Dave Cross Interview: Understanding & Learning Photoshop Like a Photoshop Junkie

Don’t you wish that learning Photoshop was as easy as snapping on a lens? Unless you’ve been stuck under a rock for the last 20+ years, you already know that learning Photoshop is one of the things about photography that you either enjoy completely or avoid at all costs. It’s difficult, time-consuming, and complex.

Dave Cross, a Photoshop instructor based in Florida, would agree. Learning it takes a great deal of patience, but if you were to really stick it out, the rewards could be boundless. Since 1987, he has been teaching Adobe products to photographers and other creative professionals and has taught an easy-to-understand approach to the mastering it. He’s one of most prominent — and one of our favorite — educators around.

In this interview, we asked Dave a few questions about his beginnings in Photoshop and got him to explain why using layers can make Photoshop much easier to use.

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You’ve been teaching Photoshop since 1990. You’ve seen its technology expand and grow popular. What would you say to anybody who is still hesitant to learning it?

Photoshop has become such an important tool that there should be no hesitation in learning it. Having said that, it can seem a little overwhelming to know how to get started. I always tell people not to worry about learning every single tool and function: just the core functions you need to get started.

Is there a specific way to think of Photoshop to make it easier to use?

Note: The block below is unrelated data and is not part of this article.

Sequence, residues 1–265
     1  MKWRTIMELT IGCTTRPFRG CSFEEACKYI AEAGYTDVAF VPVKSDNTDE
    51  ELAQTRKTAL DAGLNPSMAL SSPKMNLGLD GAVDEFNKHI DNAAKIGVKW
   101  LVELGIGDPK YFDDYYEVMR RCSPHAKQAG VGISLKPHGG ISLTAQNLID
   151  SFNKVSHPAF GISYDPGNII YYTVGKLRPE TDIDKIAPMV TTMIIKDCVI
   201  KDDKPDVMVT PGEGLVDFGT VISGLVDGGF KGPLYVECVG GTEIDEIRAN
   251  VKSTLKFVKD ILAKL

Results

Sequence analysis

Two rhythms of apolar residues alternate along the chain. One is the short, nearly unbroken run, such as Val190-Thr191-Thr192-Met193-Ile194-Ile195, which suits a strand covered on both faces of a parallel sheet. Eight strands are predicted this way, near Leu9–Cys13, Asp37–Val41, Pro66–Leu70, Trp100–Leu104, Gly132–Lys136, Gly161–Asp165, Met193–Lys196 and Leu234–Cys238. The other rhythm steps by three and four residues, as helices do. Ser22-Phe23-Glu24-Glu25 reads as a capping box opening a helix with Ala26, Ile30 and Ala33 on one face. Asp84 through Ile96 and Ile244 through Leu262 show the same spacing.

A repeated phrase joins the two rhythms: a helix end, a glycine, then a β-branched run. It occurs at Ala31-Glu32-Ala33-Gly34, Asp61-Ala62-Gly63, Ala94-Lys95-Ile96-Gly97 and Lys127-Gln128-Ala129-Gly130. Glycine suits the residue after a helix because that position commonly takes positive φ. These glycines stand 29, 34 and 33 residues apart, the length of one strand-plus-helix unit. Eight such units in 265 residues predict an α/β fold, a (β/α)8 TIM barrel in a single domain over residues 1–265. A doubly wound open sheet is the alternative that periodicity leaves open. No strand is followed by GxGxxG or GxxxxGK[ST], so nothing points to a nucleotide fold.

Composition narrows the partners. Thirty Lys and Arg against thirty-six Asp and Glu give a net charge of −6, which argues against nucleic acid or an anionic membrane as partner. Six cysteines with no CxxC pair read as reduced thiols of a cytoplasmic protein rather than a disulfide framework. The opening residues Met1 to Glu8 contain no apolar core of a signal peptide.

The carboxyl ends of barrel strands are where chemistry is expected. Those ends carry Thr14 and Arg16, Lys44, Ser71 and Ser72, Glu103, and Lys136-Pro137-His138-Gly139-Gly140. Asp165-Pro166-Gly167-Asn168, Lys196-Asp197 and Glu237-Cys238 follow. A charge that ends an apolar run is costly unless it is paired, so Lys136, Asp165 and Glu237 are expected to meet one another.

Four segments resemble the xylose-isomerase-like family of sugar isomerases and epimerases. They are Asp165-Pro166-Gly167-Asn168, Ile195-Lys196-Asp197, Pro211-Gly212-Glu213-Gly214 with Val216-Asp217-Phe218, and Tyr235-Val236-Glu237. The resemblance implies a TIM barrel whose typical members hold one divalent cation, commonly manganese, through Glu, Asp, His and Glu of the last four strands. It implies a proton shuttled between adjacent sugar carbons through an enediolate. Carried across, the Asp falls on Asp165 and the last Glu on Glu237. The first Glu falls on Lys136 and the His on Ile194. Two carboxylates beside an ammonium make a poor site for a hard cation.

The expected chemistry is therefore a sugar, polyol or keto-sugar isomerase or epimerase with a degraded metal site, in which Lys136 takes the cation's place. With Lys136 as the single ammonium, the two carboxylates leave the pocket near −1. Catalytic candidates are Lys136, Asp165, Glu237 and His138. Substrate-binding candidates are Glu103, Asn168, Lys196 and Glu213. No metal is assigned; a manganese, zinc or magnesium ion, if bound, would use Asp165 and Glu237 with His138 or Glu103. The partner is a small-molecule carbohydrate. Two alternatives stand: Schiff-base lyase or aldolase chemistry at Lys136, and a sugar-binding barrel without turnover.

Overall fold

Since using Layers is such a vital part of working with Photoshop, it’s helpful to think of layers as sheets of acetate. Layering these sheets on top of each other is the simplest way to build very flexible and editable documents.

What led you to Photoshop all those years ago? Did you think the program would become as powerful as it is today?

I was teaching other software programs and when Photoshop first came out someone needed to teach it, so I volunteered. I’m sure glad I did! At that time the only people using Photoshop were printing companies, so I never really expected it to become as powerful – or as widely used as it is.

One of the bad habits you like teaching against is using the eraser tool. You prefer using layers and masks instead of deleting pixels. What makes this approach easier for you? What specific advantages does it give a photographer?

Yes, using Layers and Masks is extremely important! The reasons include giving you more control, more flexibility and very often the ability to be more accurate and work more quickly. They can also give you the opportunity to repurpose work you’ve done previously.

When do you know you’ve gone too far in Photoshop? Is there any hard and fast rule to keep photographers from overdoing their retouching?

Sometimes it can be challenging to know if you’ve gone too far with your editing. One tip is to save your work (with Layers) and leave it for a while to work on something else. Later, re-open your edited document and look at it with a set of “fresh eyes” and see if anything jumps out at you.

What’s one tip you’d like to leave with our readers?

Use Layers! Save your document with all the Layers. Don’t ever Flatten and Save – Save a Flattened copy! Here are some great adobe photoshop lessons.

  • I’ve held a deep respect for Dave Cross and his clear and helpful style of teaching photoshop for at least 10 years now. I would highly suggest his course to ANYBODY needing to learn how to use photoshop to get their work to the next level.